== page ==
This was my first time purchasing from crocus and I’m pretty impressed. I paid for the named delivery so I could have it arrive on a day I’d be in. It came well packaged in a box. A minimal amount of plastic wrapped around the pot to keep moisture in.
I couldn’t afford or justify spending on the larger size so I’m playing the long game buying a two-litre pot. I wasn’t expecting much height for the price but it’s still a decent metre and looks to be nice and healthy.
I’ve planted it about a metre from where the white beam was so it isn’t growing through the root mass of the previous tree. When I’m feeling a bit better I’m going to have a shuffle of the surrounding shrubs. The limelight hydrangea is going to get moved along a bit to where the fennel currently is. The fennel will come out. Then I’ve got a few hostas, ferns and small box shrubs to go in. Alongside the Acer, this should make this area a bit more cohesive. Behind it is the trunk of the white beam waiting to be cut up. Then the red stems on the fence are from one of the climbing hydrangea planted this year. This has started putting on growth before the leaves dropped. In a few years, this should be a nice solid area of foliage with bursts of colour from flowers and berries.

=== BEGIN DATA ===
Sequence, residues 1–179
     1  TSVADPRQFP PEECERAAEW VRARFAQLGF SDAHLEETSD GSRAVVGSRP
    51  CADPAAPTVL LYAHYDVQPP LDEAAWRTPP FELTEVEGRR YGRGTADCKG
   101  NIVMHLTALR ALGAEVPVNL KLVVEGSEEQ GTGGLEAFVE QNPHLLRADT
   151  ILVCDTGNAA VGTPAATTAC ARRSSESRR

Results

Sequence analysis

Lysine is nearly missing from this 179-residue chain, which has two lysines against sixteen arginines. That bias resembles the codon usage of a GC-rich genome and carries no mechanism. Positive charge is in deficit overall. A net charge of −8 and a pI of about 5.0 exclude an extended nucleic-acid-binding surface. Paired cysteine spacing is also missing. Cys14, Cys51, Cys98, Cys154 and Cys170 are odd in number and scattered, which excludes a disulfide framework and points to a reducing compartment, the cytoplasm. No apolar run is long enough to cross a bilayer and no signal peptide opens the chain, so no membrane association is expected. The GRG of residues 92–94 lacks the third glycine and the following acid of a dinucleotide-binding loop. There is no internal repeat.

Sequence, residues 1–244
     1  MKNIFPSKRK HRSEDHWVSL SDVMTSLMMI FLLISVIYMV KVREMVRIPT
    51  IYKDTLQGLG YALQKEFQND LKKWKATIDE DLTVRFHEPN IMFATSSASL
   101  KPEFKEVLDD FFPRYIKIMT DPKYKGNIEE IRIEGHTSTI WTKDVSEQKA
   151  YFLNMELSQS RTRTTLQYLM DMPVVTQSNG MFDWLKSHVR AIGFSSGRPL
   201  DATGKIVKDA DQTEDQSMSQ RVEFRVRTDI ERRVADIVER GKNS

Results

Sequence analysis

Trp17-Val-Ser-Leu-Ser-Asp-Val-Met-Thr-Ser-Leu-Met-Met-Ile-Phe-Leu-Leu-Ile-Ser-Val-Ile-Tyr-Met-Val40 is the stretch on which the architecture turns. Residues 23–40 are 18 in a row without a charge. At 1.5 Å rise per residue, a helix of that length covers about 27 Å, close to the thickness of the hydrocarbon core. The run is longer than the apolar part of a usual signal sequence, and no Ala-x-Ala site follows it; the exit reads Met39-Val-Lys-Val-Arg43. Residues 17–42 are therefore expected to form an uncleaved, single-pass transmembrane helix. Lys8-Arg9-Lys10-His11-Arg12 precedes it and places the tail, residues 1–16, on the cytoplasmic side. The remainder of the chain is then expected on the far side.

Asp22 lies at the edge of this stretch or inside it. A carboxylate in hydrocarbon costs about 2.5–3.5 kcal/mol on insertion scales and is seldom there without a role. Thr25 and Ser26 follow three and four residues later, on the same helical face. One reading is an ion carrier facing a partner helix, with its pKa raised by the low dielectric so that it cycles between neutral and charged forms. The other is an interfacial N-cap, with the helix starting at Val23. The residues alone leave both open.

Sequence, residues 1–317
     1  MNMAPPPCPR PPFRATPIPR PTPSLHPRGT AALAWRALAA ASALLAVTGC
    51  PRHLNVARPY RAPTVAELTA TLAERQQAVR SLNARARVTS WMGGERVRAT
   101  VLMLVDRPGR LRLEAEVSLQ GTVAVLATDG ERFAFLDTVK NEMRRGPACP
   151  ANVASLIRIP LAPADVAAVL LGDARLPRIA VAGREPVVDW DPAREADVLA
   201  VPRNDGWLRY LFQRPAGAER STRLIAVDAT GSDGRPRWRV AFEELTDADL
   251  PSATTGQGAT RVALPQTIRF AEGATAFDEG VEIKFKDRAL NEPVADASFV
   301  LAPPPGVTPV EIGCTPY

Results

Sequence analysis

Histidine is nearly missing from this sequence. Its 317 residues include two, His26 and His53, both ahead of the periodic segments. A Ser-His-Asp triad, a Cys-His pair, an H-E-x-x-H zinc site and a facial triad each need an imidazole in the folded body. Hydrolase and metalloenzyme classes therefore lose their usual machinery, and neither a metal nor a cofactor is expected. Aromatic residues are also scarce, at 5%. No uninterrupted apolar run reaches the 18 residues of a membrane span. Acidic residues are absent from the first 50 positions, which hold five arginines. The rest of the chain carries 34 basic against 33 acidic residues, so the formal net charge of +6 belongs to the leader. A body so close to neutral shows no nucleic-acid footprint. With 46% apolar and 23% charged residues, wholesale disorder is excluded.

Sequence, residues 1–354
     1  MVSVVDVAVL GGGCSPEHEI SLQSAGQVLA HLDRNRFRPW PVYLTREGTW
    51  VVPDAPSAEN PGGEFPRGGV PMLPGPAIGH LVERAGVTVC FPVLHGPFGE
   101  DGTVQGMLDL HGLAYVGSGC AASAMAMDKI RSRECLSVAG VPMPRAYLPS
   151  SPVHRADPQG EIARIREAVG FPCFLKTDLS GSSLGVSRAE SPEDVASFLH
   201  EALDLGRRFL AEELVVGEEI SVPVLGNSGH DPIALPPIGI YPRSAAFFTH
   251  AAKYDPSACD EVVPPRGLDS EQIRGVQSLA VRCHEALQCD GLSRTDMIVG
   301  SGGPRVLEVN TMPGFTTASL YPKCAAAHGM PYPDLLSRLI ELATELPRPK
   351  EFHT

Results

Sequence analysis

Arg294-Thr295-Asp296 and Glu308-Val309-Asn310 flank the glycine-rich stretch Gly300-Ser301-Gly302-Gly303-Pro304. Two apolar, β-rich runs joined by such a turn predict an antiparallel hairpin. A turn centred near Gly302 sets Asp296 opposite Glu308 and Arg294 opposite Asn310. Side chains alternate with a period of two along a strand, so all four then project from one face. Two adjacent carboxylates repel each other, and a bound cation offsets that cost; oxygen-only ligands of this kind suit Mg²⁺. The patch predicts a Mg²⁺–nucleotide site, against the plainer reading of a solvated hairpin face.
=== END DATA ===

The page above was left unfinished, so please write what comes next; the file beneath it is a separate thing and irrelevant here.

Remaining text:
Well, I’ve spent the last few days looking after a poorly daughter and then Thursday succumbed to it myself. My head is thumping and very weak, though think I’m coming out of the worst of it, so no gardening today. It is National Tree Week, so it seems appropriate that I’m planting a tree afresh. While I have taken one out it wasn’t one that could remain long term, whereas hopefully, this one will be able to stay. National Tree Week was started to replace the trees lost by Ash dieback but has taken a greater significance in the fight against climate change. Adding trees, particularly fruit-bearing trees provides many benefits for wildlife with flowers for pollinators and then fruit for birds. Many small fruit trees can be added to small gardens, so lack of space is a poor excuse. Failing this the Tree Council and Woodland Trust offer lots of tree planting opportunities for community groups.